25 Jun Happiness Linked to Respect not Money
by Rick Nauert from PsychCentral
Hit songs have been written on the topic, employees regularly believe management needs to provide more of it, and now research confirms that life happiness is related to how much you are respected and admired by your surrounding peers.
In a new study, Cameron Anderson, a psychological scientist at the University of California, Berkeley and colleagues confirmed that overall happiness in life is related to how much you are respected and admired by those around you and not by income or education.
“We got interested in this idea because there is abundant evidence that higher socioeconomic status — higher income or wealth, higher education — does not boost subjective well-being (or happiness) much at all. Yet at the same time, many theories suggest that higher status should boost happiness,” said Anderson.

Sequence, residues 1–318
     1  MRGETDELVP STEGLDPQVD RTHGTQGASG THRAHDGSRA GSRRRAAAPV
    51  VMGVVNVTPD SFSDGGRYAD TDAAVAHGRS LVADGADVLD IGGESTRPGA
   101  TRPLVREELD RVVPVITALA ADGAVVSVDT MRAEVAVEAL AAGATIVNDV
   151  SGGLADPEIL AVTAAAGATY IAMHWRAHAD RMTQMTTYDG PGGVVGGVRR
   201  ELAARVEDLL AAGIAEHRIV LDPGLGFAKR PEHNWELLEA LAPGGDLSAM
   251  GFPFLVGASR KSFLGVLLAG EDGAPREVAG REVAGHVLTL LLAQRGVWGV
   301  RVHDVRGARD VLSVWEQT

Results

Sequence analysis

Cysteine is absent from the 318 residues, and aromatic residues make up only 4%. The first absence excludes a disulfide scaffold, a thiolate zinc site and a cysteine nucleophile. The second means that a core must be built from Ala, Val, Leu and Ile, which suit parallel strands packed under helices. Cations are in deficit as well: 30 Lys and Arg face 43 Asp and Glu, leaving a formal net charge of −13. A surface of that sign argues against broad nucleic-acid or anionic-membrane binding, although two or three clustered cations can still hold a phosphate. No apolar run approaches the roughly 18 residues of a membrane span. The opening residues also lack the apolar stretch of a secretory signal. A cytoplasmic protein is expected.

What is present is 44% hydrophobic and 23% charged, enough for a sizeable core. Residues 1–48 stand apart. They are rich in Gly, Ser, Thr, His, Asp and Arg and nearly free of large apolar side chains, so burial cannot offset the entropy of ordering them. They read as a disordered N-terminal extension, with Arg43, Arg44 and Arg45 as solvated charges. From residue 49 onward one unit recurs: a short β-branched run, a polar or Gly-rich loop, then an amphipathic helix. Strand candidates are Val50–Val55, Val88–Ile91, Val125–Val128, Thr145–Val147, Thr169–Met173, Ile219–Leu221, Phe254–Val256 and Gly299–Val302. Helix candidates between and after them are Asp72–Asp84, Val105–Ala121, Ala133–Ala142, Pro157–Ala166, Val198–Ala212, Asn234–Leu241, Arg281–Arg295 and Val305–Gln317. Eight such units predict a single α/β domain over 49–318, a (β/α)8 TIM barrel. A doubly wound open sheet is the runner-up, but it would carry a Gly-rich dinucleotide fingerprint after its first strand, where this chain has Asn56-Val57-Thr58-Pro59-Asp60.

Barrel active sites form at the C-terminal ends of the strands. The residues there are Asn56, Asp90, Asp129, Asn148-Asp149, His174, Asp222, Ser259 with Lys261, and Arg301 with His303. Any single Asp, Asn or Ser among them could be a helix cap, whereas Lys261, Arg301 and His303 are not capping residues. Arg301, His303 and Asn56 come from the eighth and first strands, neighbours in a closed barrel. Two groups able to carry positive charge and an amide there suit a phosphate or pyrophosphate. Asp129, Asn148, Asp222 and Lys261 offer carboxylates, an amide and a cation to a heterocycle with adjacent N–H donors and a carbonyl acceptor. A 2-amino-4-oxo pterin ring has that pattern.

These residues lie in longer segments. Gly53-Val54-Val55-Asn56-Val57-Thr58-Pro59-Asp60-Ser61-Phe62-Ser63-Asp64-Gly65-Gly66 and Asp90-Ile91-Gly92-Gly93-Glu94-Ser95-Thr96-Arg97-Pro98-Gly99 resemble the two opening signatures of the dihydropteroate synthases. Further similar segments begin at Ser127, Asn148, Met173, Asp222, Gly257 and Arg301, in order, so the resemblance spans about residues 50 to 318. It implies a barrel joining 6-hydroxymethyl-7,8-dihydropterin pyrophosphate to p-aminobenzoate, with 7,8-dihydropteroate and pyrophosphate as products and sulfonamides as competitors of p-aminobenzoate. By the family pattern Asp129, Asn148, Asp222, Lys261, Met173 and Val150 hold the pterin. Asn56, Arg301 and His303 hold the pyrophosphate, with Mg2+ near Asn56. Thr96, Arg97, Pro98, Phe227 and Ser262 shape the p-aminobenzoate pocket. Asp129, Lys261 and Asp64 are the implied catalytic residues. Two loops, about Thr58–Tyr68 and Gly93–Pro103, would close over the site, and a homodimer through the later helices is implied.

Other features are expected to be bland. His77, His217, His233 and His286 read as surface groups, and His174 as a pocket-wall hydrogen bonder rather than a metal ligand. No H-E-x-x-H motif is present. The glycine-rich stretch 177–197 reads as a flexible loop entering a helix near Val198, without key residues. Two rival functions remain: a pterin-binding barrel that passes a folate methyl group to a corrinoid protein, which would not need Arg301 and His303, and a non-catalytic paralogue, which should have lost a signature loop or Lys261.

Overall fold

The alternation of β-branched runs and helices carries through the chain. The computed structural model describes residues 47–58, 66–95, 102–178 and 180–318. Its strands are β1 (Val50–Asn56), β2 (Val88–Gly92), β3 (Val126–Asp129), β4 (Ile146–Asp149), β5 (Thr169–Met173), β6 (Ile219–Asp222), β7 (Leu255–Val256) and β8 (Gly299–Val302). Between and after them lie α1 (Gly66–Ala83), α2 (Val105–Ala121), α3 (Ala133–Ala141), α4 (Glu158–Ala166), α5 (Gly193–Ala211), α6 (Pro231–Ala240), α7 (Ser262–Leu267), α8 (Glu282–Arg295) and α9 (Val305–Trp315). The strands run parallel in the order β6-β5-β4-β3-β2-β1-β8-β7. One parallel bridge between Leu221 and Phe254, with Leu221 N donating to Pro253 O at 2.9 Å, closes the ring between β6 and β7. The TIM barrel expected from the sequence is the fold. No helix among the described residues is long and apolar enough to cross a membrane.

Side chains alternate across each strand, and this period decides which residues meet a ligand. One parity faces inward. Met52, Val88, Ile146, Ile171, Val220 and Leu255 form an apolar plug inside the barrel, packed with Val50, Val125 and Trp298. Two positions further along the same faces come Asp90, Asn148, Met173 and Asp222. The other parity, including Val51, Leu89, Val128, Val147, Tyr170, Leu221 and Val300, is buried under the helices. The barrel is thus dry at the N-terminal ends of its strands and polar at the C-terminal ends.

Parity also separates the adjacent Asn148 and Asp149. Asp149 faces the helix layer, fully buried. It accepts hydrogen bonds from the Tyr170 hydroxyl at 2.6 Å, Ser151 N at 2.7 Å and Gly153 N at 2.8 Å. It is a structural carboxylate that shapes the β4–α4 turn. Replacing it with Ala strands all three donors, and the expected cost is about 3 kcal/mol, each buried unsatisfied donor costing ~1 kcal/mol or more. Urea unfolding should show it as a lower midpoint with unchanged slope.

So if higher socioeconomic status doesn’t equate with a greater sense of well-being, then what does?
Anderson and his colleagues hypothesized that higher sociometric status — respect and admiration in your face-to-face groups, such as your friendship network, your neighborhood, or your athletic team — might make a difference in your overall happiness.
“Having high standing in your local ladder leads to receiving more respect, having more influence, and being more integrated into the group’s social fabric,” Anderson said.
Anderson and his colleagues designed four experiments to test this hypothesis…
…read the full and original article HERE